How often do you need to feed your betta fish?

How Often Do You Need To Feed Your Betta Fish?

New pet owners are often confused by the question “how often should I feed my betta fish?” Although it may seem like a straightforward question, there are different factors which must be considered when designing a feeding schedule for your fish. Are you someone who feeds their betta regularly throughout the day?

In the fish-keeping community, there is a stark difference between surviving and thriving. When it comes to a hardy specimen such as the betta, it is easy to get away with doing the bare minimum.

It doesn’t take much effort to keep your betta fish alive, but that doesn’t mean that it’s living its best life.

You must ask yourself, are you trying to keep it alive or are you trying to have a healthy betta?

Raising a healthy fish means that you will need to put in a little extra effort during your daily routine. As with any other animal, a betta fish can benefit from having a regular schedule.

Of course, this will mean more work on your part, but this is crucial for giving your pet the best possible life.

Once you are willing to make a commitment, you just need to familiarize yourself with their healthy habits. Are you ready to try to make sure your betta has a healthy eating routine?

How often should I feed my betta fish?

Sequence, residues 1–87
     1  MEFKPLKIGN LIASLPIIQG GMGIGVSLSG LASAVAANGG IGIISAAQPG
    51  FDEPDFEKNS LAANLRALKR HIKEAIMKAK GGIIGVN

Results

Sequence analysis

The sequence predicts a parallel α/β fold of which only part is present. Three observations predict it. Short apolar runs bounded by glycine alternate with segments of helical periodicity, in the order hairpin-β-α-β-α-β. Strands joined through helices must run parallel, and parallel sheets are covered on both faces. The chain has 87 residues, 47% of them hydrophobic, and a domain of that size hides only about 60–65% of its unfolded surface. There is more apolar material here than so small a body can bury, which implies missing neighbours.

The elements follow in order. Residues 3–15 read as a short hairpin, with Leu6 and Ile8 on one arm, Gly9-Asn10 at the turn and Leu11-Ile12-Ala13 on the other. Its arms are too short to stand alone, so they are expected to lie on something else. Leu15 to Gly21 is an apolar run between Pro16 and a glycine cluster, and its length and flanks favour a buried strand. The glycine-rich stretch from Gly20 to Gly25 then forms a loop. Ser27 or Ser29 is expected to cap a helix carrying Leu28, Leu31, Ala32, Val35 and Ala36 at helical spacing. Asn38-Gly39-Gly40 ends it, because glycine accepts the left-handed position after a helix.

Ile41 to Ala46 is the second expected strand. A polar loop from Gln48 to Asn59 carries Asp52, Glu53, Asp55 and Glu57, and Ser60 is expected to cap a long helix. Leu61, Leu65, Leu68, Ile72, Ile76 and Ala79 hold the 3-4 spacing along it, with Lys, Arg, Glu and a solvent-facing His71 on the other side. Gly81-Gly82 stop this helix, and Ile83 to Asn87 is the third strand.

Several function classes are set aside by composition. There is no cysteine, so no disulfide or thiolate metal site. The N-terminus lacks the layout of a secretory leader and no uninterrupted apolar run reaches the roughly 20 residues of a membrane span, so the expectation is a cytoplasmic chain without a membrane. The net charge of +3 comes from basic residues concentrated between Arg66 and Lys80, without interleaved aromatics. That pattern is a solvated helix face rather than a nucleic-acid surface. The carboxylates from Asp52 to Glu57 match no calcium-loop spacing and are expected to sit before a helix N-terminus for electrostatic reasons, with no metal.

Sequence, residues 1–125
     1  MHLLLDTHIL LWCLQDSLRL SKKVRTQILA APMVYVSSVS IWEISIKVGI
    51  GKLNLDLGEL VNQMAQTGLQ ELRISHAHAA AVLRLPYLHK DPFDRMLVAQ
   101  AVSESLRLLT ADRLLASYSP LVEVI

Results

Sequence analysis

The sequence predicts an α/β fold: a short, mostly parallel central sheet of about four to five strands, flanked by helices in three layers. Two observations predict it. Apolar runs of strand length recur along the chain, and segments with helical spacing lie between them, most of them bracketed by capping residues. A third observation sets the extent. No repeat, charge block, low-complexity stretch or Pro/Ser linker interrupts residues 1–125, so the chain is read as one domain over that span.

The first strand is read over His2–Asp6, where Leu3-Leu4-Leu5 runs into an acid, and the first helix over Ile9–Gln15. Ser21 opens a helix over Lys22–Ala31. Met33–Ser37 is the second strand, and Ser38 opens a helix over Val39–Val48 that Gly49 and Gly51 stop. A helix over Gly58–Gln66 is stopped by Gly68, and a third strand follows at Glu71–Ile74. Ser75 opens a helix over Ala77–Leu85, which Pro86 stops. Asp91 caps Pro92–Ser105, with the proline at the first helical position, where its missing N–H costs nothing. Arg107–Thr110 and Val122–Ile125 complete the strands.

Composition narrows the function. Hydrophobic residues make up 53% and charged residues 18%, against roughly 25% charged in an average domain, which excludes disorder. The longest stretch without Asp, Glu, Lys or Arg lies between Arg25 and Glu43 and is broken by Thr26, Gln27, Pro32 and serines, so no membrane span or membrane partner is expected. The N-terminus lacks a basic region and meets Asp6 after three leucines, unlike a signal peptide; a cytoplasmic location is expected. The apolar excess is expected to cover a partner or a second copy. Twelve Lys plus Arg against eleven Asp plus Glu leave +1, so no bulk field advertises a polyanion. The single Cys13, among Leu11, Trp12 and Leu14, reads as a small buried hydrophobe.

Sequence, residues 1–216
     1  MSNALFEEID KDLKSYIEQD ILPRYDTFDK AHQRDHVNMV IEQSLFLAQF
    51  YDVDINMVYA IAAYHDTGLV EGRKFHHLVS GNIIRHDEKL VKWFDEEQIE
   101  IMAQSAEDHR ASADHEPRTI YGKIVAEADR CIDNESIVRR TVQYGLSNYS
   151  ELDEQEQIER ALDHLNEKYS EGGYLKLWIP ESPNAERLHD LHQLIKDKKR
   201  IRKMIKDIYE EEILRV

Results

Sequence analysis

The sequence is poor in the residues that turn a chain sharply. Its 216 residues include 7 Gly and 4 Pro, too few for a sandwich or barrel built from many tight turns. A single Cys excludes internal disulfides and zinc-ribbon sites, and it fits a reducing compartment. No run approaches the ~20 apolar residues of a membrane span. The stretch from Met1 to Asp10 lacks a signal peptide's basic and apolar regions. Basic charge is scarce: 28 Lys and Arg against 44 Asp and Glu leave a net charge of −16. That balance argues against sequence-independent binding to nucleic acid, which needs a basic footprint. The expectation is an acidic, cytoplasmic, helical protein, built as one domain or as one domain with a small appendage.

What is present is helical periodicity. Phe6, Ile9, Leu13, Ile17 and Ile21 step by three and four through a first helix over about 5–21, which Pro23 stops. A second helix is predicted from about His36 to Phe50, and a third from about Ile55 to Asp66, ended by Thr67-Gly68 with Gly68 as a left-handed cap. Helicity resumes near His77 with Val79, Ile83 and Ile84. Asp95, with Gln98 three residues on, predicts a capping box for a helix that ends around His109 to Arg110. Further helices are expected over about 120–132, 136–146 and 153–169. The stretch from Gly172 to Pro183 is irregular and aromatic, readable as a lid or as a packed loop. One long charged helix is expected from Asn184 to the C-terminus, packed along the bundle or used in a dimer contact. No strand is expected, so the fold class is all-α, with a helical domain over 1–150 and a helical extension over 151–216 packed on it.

Feed my betta fish

Experts recommend feeding your betta fish twice daily – once in the morning and once in the evening. Feeding should ideally take place 12 hours apart, giving the betta adequate time to process the previous meal.

While it is recommended that feeding should take place in the morning and night, there isn’t a “best time” for the fish to receive their food.

Instead, try to find feeding times which work best around your personal schedule and then keep it consistent. Consistency is the most important element when establishing a routine.

When you do things at the same time every day, this conditions your betta to expect food and be hungry at a specific time of day.

What do betta fish eat?

Betta fish food

Betta fish are carnivores, meaning they get a lot of protein from their natural diet.

Although you need to worry about their heightened levels of aggression towards other fish, they typically don’t eat other fish.

In the wild, Siamese fighting fish swim around their habitats and hunt for bugs to munch on. They eat insects, insect larvae, and even insect eggs which they find floating on the surface of the water.

This doesn’t mean that you have to keep a fresh container of bugs in your home. You just need to make sure you purchase the right fish food.

Standard tropical flakes may not have the nutrition that your betta fish want or need. If you give them the wrong food, this can be like trying to feed your cat rabbit food.

It is worth doing some research and investing in quality food for your betta. You can check out some of the most recommended food in this article.

How much should you feed your betta fish?

Feed your betta fish

When using flakes or pellets, less is more. Only give your bettas a small pinch of food at feeding time. If you are worried that your fish isn’t getting enough food, it is good practice to monitor their eating